Parasitic flu makes its danger known

Widespread winter influenza forces Minnehaha students to deal with extreme consequences

“Carly was one of the most caring, kind, fun-loving and outgoing girls I have ever met,” said freshman Lucy Awe.

Awe lost a good friend, Carly Christenson, to the flu on Jan. 9.

“I never saw Carly without a smile on her face and she was always up for something new,” said Awe. “She was never one to exclude you from the group and always made everyone feel welcome. She would do anything she could just to make sure a friend was okay. She was just a very genuine girl with a huge heart.”

Christenson, 14, as well as Max Schwolert, 17, (visiting family in Wisconsin) died with flu-like complications. Schwolert died 29 Dec. 2012 fighting influenza, pneumonia and a staph infection. Both Christenson and Schwolert were strong, healthy teens.

So how did they succumb to the flu?

The flu is a parasite.

“It needs to have some other type of living organism that it feeds off of,” said science teacher Carmella Whaley. “Some viruses infect human cells, some viruses infect bacteria…different strains of viruses differ in their genetic material. For many viruses their mechanism is such that every time they replicate within a living host cell, they grab a little bit of that host’s DNA and then put some host protein on their surface.”

Due to this parasite, the flu season was officially declared an epidemic, causing terror and panic throughout it’s path. So many people have received and many more would like a flu shot. The shot is so high in demand that some states have faced high demand and slow production. The flu shot has proven to lessen sickness (if a person does get the flu), but this year things seem to be different.

In Dec. 2012 the flu season exhibited its strength in 47 out of 50 states. These 47 states experienced a widespread, rapid increase of flu cases. California, Mississippi and Hawaii were the three that experienced a slow increase. The flu’s ruthless attack has lead the flu-related death toll in Minnesota to reach 127, this number compared to the average of 30-40.

The virus was expected to affect people ages five and younger, ages 65 and older, as well as people with other health situations such as diabetes mellitus, cerebral palsy, etc.

Junior Tom Weber believes the flu shot is a good idea.

“Getting the flu shot is a no-brainer. I have anxiety when it comes to flu shots, but just remember that the flu hurts a hundred times more.”

Sophomore Hans Carlson was tested positive for the flu. With a temperature that hit 100.6 he missed two days of school, three wrestling tournaments and fell behind on assignments.

“I coughed all the time, it was unfortunate that I missed them [the wrestling tournaments] but I was not physically able to perform” said Carlson.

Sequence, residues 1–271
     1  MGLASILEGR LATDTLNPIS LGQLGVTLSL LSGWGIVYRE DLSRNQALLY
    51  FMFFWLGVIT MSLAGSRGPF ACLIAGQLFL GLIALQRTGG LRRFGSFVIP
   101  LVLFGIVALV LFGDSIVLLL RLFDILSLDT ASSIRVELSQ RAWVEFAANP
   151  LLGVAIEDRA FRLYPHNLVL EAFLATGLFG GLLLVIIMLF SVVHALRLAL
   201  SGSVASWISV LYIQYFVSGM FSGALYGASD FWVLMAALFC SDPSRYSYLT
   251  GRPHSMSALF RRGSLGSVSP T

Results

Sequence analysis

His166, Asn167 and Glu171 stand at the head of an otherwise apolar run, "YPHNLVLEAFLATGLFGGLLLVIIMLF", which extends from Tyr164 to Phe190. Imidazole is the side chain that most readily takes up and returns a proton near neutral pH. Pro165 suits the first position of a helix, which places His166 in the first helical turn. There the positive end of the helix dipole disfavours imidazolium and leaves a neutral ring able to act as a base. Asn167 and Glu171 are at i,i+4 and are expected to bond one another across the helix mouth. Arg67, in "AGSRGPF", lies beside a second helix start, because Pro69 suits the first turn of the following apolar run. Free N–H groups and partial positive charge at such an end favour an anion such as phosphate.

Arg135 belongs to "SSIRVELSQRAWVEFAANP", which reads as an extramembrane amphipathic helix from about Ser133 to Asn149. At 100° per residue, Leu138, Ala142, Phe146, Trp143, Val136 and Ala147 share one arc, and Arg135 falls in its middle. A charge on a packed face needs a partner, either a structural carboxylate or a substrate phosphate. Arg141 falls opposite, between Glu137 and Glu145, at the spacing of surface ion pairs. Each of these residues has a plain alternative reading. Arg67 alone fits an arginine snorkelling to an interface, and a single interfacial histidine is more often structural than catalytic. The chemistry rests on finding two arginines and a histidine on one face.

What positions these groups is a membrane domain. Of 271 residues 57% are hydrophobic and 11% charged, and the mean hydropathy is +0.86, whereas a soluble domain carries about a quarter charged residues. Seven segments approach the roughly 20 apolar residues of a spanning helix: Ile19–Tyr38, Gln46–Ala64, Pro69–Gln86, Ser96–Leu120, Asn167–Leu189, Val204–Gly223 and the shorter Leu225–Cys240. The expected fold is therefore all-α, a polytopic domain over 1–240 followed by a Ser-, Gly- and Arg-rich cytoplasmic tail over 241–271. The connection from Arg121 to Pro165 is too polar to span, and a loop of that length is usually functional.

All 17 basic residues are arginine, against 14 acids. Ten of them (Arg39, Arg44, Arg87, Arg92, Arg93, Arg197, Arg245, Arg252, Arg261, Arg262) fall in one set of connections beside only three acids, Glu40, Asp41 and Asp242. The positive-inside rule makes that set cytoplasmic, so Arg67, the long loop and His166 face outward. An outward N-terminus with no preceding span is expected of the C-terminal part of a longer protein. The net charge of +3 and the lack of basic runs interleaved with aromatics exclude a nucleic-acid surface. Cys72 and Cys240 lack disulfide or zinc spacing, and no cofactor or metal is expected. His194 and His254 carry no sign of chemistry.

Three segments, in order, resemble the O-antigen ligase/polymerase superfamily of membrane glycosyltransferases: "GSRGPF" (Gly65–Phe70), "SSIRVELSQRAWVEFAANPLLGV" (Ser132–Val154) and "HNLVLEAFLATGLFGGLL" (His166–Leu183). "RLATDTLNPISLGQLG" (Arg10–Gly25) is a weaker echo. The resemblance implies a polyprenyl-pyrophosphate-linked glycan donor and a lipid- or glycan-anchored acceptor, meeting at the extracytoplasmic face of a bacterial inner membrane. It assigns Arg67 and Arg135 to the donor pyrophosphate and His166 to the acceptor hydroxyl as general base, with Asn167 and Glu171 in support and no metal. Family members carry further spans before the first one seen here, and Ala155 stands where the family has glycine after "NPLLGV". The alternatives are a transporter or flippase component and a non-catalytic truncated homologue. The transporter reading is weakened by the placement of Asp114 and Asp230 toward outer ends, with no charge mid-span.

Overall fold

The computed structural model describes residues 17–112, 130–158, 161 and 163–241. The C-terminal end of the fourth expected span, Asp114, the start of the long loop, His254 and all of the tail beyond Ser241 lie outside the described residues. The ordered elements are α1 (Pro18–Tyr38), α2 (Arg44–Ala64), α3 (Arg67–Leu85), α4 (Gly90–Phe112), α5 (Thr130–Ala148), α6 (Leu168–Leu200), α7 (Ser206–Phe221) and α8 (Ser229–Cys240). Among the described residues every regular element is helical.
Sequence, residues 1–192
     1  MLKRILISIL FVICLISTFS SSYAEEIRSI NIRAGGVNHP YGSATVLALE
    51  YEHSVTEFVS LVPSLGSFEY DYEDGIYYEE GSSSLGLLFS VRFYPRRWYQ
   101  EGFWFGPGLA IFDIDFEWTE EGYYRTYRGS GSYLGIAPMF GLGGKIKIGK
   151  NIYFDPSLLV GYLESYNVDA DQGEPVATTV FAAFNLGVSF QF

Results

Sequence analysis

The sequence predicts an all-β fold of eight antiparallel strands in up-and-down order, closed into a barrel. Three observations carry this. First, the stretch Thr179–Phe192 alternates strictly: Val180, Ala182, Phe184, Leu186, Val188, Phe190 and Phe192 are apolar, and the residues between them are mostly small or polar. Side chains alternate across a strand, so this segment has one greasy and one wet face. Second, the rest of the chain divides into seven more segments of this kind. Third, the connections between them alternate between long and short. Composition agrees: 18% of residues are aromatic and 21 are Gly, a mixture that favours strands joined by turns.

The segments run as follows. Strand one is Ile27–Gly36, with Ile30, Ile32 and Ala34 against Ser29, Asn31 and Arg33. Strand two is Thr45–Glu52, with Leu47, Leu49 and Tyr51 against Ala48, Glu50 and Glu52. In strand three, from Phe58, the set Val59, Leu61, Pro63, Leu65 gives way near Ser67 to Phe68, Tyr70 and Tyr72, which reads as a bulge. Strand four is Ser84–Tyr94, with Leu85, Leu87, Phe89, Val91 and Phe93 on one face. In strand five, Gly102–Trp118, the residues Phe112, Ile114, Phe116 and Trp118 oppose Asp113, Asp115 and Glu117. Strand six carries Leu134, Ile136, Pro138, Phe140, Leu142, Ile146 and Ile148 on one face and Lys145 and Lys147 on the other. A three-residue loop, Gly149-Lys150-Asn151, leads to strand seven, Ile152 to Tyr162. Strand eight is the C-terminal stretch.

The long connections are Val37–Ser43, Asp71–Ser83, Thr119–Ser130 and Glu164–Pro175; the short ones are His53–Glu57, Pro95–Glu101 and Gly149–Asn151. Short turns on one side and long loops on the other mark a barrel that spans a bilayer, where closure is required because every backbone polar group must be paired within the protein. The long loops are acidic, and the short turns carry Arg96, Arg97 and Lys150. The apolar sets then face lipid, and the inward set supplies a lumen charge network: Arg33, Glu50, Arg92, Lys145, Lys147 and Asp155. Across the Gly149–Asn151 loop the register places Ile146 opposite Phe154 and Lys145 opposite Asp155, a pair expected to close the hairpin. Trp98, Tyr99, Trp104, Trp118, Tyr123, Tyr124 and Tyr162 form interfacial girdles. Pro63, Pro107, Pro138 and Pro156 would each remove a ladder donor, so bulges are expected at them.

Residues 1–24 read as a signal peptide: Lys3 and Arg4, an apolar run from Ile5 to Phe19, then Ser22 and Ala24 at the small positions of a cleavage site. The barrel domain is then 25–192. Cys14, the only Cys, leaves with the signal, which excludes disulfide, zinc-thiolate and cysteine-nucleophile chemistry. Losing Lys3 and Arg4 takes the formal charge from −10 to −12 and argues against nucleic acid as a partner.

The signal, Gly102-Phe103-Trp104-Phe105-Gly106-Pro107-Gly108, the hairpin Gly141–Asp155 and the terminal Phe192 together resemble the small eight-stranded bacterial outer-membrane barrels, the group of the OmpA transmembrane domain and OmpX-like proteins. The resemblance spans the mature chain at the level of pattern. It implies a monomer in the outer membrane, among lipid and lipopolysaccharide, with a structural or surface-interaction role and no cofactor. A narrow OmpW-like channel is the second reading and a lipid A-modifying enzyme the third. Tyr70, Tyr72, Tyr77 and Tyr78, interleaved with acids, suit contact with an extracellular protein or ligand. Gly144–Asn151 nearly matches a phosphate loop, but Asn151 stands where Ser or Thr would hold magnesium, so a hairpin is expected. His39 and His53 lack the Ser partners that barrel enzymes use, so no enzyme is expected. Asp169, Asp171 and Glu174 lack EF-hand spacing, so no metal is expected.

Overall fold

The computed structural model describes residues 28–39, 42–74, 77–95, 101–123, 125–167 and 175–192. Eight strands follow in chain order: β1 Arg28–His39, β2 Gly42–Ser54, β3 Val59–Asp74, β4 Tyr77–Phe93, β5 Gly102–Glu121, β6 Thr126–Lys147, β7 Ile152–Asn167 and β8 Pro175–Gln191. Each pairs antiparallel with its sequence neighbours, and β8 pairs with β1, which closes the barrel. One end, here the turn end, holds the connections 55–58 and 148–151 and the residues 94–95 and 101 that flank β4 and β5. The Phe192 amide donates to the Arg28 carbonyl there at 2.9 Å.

Though sick for those couple of days Carlson believes that people do “not need to freak out.”

One of the most important things The Center of Disease and Control and Prevention (CDC) wants the population to know are the symptoms. The symptoms can resemble that of  flu those of a cold but can also include chills, muscle/body aches, fatigue, vomiting and diarrhea. Another important thing is “Period of Contagiousness.” A person with the flu is contagious one day before symptoms appear to five-seven days after. Spreading the flu is as easy as coughing, sneezing or even talking. Another way to spread the virus is  by touching a surface which has the flu virus on it and then touching a mouth, eyes or nose.

So what can people do to lessen the spread of the flu virus or even fight it?

Health officials have urged all to take preventative actions. Preventative actions can mean limiting contact with others, washing hands, using hand sanitizer and staying home (from work or school) when sick. Also on the list was getting vaccinated. (Read the fact check to learn more about the flu vaccination.)

In a poem about love Shel Silverstein touched on the subject of the flu.

“Ricky was “L” but he’s home with the flu, Lizzie, our “O,” had some homework to do, Mitchell, “E” prob’ly got lost on the way, So I’m all of the love that could make it today.”

According to the Pioneer Press the peak of the flu season has passed, nevertheless all health precautions should be taken.

Having already received the flu shot, freshman Lucy Awe hopes that people will listen to the urges of the health officials.

“I wouldn’t want anyone else to be put through the pain of losing someone to such a horrible thing like so many people have been put through with losing Carly,” said Awe. “Anything that will help prevent the flu is obviously something I will take into consideration, as should many others.”


About Pauline Ojambo

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